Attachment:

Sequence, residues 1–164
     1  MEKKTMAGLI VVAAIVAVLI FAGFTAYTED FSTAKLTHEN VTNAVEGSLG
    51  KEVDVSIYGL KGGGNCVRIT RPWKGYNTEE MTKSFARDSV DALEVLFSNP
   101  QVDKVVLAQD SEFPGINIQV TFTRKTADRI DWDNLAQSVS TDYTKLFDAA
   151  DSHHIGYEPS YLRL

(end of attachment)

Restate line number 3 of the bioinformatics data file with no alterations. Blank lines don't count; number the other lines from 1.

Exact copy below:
    51  KEVDVSIYGL KGGGNCVRIT RPWKGYNTEE MTKSFARDSV DALEVLFSNP